Have something to say, and say it as clearly as you can. That is the only secret of style.
-- Matthew Arnold
1. The book "Style: Lessons in Clarity and Grace" (9th Edition)
by Joseph M. Williams is a classic that I recommend to anyone who wants to explore the following questions:
What is it in sentences that make readers judge writing as they do?
* How can we diagnose our own prose to anticipate
* How can we revise a sentence so that readers will think better of it?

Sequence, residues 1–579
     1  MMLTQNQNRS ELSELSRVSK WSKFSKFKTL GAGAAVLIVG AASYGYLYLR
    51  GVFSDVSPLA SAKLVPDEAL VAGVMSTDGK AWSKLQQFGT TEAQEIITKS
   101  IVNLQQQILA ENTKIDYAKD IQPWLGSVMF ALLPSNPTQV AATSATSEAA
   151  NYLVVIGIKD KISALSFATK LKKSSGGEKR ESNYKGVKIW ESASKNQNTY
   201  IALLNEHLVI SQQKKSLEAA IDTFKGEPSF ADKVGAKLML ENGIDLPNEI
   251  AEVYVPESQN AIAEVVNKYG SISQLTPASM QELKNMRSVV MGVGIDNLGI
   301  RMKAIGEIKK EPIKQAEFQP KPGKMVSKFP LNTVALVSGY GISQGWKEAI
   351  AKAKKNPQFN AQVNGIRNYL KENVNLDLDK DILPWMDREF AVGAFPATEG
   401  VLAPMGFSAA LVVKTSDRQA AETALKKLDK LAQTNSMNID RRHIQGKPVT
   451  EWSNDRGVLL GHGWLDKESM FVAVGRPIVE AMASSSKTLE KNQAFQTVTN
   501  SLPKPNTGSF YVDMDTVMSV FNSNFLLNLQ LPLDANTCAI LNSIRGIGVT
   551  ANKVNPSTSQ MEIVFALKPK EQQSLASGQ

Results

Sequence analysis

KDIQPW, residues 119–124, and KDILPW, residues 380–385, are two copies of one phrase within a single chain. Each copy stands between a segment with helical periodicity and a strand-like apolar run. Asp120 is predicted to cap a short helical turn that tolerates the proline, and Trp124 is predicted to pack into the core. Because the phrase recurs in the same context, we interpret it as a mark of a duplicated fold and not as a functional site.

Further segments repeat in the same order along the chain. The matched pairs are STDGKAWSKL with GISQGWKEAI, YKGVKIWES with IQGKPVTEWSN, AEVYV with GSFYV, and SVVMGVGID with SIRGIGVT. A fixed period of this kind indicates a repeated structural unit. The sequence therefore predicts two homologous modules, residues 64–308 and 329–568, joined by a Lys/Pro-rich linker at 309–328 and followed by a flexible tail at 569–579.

a series of principles -- not prescriptions or formulas -- that can help you become a better writer. For an overview of
his approach, and some hands-on practice analyzing and correcting problematic writing, work through the following PPT presentation
entitled "Audience-centered writing."
click here to download "Audience-centered writing" presentation
2. This handout from the UNC-Chapel Hill Writing Center may help you
* How do I identify my audience and what they want from me?
* How much should I explain?
* How can I read as a writer?
* How can I read as a reader?
3. Once you have a clear sense of who your audience is, you may need
to adjust your style accordingly. Here is another handout from the UNC-Chapel Hill Writing Center that may help.